No such thing as a one-size-fits-all solution
What do you do when your design can’t meet the project constraints? I recently worked on a project designing a detention basin for an airport development. On the surface, it seemed like a straightforward, easy design. Upon digging deeper, I found the obvious solution was not right for the project. Ultimately, thinking outside the box and trying an atypical strategy gave the client a successful solution and ended up saving them a lot of money.
I started off using one-dimensional unsteady modeling in HEC-RAS to design the proposed drainage channels and detention basin, as is typical for this kind of project. The highly-restrictive site limitations, however, made this strategy less effective. There was very little slope on the site, the proposed detention basin location was in the FEMA floodplain of the downstream drainage channel, and there was also a significant backwater effect in the drainage channel.
Here is where the limitations of 1D modeling come into play. When water enters a HEC-RAS Storage Area, it is immediately available for outflow, even if the model is running in unsteady mode. Because everything was happening instantaneously in my model of the detention basin, I was coming up with a large basin that barely fit in the available space. To further compound the problem, the detention basin was above ground, and there was no available fill at the site. Every cubic yard of dirt was going to be expensive.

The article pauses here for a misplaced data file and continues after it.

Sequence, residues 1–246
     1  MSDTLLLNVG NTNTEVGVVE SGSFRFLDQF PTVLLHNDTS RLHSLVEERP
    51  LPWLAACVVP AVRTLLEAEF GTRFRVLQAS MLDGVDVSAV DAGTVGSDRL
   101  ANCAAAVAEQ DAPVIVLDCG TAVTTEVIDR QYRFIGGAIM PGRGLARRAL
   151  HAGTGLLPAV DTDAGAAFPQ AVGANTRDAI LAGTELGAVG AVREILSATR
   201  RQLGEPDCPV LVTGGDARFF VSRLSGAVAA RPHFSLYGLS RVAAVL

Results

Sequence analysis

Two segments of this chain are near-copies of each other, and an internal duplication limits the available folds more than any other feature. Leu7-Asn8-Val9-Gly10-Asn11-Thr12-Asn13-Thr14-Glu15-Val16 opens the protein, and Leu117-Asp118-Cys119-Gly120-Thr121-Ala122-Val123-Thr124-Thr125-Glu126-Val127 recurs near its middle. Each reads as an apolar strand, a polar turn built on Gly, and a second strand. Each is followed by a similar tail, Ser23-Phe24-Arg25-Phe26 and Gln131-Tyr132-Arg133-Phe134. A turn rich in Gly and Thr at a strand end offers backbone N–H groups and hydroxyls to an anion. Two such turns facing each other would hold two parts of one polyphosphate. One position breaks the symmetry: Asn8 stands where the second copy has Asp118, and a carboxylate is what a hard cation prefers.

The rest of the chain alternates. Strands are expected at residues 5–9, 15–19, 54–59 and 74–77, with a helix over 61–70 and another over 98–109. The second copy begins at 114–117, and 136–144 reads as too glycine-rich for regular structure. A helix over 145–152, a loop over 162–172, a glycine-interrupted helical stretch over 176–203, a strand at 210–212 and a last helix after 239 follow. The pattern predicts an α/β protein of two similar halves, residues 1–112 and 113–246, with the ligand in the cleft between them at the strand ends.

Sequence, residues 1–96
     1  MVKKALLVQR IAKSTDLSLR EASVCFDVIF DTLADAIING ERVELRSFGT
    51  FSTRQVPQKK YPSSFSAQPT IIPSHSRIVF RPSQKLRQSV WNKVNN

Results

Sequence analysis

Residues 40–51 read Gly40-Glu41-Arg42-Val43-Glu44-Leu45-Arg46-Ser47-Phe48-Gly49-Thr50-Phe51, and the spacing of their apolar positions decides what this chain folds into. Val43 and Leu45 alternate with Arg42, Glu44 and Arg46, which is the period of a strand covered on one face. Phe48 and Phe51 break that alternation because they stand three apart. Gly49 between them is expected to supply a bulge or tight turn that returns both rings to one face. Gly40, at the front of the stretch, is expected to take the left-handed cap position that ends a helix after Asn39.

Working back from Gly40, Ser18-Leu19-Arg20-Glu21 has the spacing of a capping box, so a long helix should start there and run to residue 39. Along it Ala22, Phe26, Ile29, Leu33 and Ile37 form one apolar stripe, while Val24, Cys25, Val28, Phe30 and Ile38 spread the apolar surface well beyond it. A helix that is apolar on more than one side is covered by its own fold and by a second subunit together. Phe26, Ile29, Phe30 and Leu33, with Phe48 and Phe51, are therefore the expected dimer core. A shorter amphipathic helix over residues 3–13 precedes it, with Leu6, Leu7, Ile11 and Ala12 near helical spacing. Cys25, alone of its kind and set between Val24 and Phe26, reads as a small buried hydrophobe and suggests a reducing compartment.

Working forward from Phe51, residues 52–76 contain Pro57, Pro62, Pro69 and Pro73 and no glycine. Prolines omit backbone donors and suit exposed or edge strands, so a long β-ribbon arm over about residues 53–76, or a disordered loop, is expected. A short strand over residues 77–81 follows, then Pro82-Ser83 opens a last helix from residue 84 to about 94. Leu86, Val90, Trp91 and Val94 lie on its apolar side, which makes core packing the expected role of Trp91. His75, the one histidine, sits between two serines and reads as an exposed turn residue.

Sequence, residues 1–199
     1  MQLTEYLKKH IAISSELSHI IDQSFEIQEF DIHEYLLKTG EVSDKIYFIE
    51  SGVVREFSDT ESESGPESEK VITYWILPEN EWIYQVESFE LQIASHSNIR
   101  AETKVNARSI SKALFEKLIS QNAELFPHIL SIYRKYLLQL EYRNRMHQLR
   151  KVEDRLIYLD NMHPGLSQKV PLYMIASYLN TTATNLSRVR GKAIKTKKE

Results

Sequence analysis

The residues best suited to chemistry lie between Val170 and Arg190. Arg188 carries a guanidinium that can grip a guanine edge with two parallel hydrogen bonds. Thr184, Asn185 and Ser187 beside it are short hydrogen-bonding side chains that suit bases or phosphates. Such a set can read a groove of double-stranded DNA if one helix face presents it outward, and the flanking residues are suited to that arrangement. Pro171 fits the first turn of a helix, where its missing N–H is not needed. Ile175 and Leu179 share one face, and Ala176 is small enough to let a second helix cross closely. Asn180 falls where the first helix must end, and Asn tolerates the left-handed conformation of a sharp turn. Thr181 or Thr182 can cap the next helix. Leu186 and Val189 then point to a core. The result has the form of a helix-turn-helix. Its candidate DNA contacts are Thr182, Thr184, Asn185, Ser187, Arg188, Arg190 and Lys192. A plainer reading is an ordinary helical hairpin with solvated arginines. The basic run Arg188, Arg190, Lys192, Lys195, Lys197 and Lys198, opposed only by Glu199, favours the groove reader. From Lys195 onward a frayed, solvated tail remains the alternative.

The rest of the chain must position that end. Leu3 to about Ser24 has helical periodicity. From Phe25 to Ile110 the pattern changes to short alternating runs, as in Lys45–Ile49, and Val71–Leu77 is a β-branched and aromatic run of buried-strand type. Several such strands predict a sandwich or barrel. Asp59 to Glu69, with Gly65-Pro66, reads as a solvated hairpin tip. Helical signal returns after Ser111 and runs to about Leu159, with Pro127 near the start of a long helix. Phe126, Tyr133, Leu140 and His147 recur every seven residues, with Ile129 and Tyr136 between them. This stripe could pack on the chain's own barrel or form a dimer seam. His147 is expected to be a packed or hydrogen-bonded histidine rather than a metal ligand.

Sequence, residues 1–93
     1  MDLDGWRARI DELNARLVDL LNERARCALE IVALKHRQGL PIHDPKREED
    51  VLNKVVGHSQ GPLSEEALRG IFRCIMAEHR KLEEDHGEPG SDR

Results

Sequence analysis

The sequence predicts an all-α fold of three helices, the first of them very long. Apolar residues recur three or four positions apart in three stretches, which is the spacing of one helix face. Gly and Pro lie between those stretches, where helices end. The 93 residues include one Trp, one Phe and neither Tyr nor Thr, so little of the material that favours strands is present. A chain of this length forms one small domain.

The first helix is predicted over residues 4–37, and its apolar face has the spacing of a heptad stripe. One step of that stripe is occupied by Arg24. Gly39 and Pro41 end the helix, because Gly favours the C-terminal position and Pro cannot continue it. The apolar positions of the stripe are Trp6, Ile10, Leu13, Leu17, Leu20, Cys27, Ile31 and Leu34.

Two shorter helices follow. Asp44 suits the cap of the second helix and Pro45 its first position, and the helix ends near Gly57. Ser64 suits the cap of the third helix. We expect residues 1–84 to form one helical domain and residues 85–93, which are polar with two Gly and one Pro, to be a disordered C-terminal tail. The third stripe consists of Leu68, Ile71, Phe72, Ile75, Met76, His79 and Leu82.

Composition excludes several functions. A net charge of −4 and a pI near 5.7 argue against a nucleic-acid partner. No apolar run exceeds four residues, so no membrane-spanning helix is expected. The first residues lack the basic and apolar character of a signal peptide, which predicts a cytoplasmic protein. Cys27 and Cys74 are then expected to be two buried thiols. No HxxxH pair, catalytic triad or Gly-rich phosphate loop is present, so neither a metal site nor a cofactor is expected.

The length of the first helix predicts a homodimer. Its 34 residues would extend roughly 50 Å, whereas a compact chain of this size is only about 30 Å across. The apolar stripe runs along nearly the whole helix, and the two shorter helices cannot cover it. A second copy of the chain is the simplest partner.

I needed a new approach. I decided to see if 2D flow modeling would improve my results. I had little faith; the detention basin was so small that hydrodynamic routing within the basin would make very little difference, right? To my surprise, the basin easily handled the inflow thanks to the more accurate routing. A few design iterations later, I had a much smaller detention basin. In fact, the final basin size was even smaller than originally anticipated.
In the end, sticking with the typical design strategy would never have been successful. Trying an alternate strategy, even one that at first seemed a little unusual, ended up paying off big time—for myself and for the client.
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